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Photo Meta Data

File Name: IMG_1960.CR2
Capture time: 3:13 PM
Capture date: March 30, 2015
Exposure: 1/500 @ f5.6
Focal Length: 83.27mm
ISO: 200
Canon Powershot SX50 HS

*Edited: Lightroom with text added in Preview (Apple Software)

 
See previous STATUS QUOtes Photography Quotes HERE


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All content on this blog is copyrighted by Jeffrey B. Ross with ALL Rights Reserved. While reference links back to JBRish.com are appreciated and encouraged, please acquire approval for any reproduction of original content from this website.

©Jeffrey B. Ross – 2017


otographs

Argentine Giant Cactus Flower – Photograph

Photograph of the Argentine Giant Cactus in Bloom
at the Desert Botanical Garden, Phoenix

Argentine Giant Cactus, Echinopsis candicans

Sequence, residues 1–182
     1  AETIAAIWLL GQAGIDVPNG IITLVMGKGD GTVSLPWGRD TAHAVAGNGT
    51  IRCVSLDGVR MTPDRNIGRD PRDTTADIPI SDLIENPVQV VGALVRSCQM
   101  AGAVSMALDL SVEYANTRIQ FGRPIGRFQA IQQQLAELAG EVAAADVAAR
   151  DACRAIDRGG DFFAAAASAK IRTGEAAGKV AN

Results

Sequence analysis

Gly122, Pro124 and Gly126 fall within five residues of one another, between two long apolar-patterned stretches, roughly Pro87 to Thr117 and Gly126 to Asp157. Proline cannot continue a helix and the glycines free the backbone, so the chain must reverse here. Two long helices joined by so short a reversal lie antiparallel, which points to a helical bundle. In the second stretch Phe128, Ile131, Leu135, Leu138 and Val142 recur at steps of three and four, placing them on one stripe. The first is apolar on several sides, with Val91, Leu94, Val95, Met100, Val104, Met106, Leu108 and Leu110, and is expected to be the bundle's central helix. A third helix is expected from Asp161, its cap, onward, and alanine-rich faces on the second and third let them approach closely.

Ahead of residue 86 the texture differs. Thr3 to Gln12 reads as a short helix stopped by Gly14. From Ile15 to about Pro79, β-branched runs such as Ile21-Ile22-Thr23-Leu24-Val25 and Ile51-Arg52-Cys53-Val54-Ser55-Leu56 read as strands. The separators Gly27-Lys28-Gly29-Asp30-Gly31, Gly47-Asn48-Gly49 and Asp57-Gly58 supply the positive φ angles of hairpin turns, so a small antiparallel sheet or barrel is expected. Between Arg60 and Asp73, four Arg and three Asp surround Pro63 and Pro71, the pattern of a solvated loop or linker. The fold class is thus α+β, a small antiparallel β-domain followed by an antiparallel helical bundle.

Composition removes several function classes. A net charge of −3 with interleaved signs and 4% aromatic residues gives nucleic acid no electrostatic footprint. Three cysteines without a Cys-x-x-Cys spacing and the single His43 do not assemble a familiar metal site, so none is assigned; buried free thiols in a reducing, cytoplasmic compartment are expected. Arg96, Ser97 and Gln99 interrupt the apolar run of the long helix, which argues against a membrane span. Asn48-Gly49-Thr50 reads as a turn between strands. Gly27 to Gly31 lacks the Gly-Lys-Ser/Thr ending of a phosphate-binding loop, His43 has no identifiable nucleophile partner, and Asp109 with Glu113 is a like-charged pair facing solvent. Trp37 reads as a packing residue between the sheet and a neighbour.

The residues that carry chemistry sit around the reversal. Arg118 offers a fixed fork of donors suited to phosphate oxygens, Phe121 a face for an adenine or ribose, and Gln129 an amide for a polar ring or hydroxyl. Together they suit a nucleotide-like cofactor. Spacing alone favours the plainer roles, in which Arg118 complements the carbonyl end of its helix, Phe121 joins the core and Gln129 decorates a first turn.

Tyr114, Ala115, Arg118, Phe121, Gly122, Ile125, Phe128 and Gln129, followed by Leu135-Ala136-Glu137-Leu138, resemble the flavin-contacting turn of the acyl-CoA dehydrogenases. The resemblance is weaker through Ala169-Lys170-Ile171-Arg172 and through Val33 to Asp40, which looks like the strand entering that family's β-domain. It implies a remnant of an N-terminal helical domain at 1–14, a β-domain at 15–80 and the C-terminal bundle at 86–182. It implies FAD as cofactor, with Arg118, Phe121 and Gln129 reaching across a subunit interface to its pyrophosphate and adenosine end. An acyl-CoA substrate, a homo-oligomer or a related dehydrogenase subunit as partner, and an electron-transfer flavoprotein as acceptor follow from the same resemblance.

Argentine Giant Cactus, Echinopsis candicans

I am a member/volunteer at the Desert Botanical Garden in Phoenix, AZ. It is the second most visited attraction in the state after the Grand Canyon. On my way to the Seed Room where I work as a volunteer, I passed an Argentine Giant cactus that was still in bloom. It has been my experience that they generally bloom earlier in the season, but this particular specimen was in a location that enabled it to be in flower now.

The flower is not the most attractive cactus bloom I have seen, but it is very pretty and the size is huge. The flower can be as large as a person’s face. Unfortunately, these blooms only last a day, but what a day it is!

 

JBRish.com originally published this post
*All photographs Copyright by Jeffrey B. Ross with all rights reserved.